Press Releases

Nadler & Bass Condemn DEA's Expansion of Authority Against Peaceful Protestors

Washington, June 5, 2020

Washington, D.C. – Today, House Judiciary Committee Chairman Jerrold Nadler (D-NY) and Subcommittee on Crime Chair Karen Bass (D-CA) condemned the expansion of the U.S. Drug Enforcement Administration's law enforcement authority, which includes the use of “covert surveillance,” to investigate peaceful protestors in cities across the country. In a letter to Attorney General William Barr and U.S. DEA Acting Administrator Timothy J. Shea, the Members have called for the DEA to immediately rescind this expansion and have requested a briefing on the timeline and rationale for these authorities.

Full text of the letter can be found below and here:

June 5, 2020


The Honorable William P. Barr
Attorney General
U.S. Department of Justice
950 Pennsylvania Avenue, NW
Washington, DC 20530

The Honorable Timothy J. Shea
Acting Administrator
U.S. Drug Enforcement Administration
8701 Morrissette Drive
Springfield, VA 22152

Dear Attorney General Barr and Acting Administrator Shea:

We are deeply concerned with reports that on May 31, 2020, Deputy Attorney General Jeffrey A. Rosen signed a request by Acting U.S. Drug Enforcement Administration (DEA) Administrator Timothy J. Shea to temporarily expand the law enforcement authority to DEA employees and agents to extend beyond enforcement of Title 21.[1] While there have been instances of unrest, the overwhelmingly peaceful nature of the protests that have taken place around the country do not warrant this expansion of DEA authority, even if it is temporary in nature, especially given the Agency’s past record.

The DEA’s narcotics interdiction tactics are not appropriate measures to address the limited violence that has taken place over the past few days or to monitor peaceful protests. The DEA’s rigid refusal to consider, let alone adopt, even minor reform of the way it carries out business portends a further unnecessary escalation of this week’s protests. In the past five years alone, the DEA has suffered from a mounting crisis that includes corruption and firearms offenses.[2] This is hardly a record that commands confidence that the DEA will appropriately and constitutionally implement its expanded authority, particularly when First Amendment rights are at stake.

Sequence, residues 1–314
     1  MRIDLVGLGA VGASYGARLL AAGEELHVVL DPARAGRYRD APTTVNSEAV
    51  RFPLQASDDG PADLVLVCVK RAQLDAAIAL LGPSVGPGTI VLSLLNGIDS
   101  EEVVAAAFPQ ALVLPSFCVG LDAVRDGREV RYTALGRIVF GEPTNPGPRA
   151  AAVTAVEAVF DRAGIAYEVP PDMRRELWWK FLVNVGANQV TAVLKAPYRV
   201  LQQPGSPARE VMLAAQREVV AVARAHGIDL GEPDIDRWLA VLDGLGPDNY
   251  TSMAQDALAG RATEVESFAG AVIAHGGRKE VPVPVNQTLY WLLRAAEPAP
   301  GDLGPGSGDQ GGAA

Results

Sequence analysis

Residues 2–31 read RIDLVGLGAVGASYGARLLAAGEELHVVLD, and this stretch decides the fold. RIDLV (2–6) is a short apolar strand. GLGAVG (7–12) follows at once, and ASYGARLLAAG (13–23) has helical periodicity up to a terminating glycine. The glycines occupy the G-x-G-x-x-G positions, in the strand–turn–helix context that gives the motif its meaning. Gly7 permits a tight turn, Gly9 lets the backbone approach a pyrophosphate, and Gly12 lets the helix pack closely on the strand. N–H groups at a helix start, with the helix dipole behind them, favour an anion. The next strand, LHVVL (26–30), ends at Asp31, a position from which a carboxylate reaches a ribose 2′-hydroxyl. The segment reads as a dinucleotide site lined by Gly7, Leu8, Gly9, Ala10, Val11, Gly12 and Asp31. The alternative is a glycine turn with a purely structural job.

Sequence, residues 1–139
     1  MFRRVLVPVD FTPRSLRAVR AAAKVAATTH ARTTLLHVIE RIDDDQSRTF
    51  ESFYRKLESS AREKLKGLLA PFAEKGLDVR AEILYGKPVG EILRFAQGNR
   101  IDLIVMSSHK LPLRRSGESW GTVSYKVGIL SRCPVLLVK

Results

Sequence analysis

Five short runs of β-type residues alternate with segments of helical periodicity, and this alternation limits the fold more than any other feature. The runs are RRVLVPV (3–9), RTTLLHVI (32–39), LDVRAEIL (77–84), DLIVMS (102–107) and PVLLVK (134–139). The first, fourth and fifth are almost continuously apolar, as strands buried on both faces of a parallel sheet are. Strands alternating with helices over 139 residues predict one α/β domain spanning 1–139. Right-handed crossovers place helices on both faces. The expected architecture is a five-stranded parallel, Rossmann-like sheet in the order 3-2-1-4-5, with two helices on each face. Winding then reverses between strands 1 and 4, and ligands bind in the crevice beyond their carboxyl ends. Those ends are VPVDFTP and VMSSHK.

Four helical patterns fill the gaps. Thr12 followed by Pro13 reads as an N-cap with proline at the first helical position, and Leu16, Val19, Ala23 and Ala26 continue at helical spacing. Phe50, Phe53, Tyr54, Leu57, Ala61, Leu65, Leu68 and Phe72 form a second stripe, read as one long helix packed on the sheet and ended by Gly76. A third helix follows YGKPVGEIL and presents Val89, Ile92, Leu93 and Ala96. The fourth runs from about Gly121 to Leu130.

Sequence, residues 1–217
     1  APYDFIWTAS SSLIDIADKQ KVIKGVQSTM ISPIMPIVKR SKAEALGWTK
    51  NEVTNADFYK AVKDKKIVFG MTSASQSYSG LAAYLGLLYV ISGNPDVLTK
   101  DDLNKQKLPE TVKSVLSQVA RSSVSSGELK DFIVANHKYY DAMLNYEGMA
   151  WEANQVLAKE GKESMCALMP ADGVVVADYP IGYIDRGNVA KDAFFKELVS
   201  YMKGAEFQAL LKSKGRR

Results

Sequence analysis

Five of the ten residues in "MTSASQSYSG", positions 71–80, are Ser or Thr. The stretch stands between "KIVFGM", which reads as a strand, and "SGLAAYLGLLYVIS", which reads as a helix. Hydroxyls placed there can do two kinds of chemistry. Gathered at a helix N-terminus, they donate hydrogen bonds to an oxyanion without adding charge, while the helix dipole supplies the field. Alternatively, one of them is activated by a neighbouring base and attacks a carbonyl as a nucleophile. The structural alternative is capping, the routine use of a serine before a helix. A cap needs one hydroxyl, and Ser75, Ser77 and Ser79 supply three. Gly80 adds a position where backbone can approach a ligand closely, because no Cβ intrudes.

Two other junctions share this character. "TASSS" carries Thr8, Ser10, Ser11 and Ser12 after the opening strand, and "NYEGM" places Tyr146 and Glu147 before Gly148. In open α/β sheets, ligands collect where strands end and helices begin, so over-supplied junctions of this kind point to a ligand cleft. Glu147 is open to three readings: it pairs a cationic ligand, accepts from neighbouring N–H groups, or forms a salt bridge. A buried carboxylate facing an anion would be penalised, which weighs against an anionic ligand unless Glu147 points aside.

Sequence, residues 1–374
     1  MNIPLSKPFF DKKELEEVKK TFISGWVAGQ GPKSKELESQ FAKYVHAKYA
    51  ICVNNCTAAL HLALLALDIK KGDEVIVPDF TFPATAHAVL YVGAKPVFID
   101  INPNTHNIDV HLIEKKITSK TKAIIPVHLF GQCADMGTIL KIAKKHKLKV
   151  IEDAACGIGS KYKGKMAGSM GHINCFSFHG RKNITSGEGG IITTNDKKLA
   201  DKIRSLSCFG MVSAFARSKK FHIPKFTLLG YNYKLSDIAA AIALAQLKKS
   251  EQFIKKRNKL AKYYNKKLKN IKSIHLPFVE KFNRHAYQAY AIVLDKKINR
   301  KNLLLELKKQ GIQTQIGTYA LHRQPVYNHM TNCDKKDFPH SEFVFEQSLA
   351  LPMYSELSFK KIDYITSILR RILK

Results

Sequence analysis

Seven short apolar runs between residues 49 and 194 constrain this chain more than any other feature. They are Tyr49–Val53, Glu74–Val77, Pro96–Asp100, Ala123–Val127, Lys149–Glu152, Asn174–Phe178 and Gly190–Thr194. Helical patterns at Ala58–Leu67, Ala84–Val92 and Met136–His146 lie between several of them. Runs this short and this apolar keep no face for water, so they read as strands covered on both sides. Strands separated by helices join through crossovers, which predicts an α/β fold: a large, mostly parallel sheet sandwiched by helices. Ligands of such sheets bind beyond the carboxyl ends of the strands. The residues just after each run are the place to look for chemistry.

Furthermore, the DEA has a history and practice of disproportionately targeting people of color. A 2009 evaluation by the Department of Justice’s Bureau of Justice Statistics found that Latino suspects constituted 46% of arrestees although they make up only 16 percent of the general U.S. population.[3] Of the total arrests of male suspects by the DEA, 25% were marijuana related.[4] This Administration’s counterproductive focus on non-violent drug offenses is a plain reminder that the DEA is out of touch with the Nation’s shift from the drug war model to policies of substance abuse treatment, rescheduling drugs, legalizing marijuana, and reducing harsh drug sentences. To the extent the DEA mirrors the views of this Administration, it is out of sync with more evidence-based drug policy trends in the country. Wider deployment of the DEA may only continue the disproportionate arrest trends that, in part, motivate the expressions of outrage that we are witnessing.

The expansion of the DEA’s law enforcement authority, including the use of “covert surveillance” and collection of intelligence, is unwarranted and antithetical to the American people’s right to peacefully assemble and to exercise their Constitutional rights without undue intrusion. The House Judiciary Committee has a duty to ensure that the administration of justice in our country is fair and that individuals can freely exercise their constitutionally protected rights.For these reasons, we ask that you immediately rescind the expanded authorities Mr. Rosen has granted to the DEA.We also ask that you provide us a briefing detailing the timeline and rationale for the expansion of authority. Please reach out to committee staff to schedule the briefing by no later than June 11, 2020.



Jerrold Nadler Karen Bass
Chairman Chair, Subcommittee on Crime,
Terrorism, and Homeland Security

cc: The Honorable Jim Jordan, Ranking Member, House Committee on the Judiciary

[1] Jason Leopold & Anthony Carter, The DEA Has Been Given Permission to Investigate People Protesting George Floyd’s Death, Buzzfeed, June 2, 2020.
[2] Assoc. Press, Very Unprepared: DEA Shakeup Followed Mounting Criticism, May 21, 2020.
[3] Mark Motivans, Federal Justice Statistics, 2009, U.S. Dep’t of Justice Bureau of Justice Stats., Dec. 2011,; Sharon Ennis, et al., 2010 Census Briefs: The Hispanic Population: 2010, U.S. Dep’t of Commerce (May 2011),
[4] Motinvas, Federal Justice Statistics, 2009.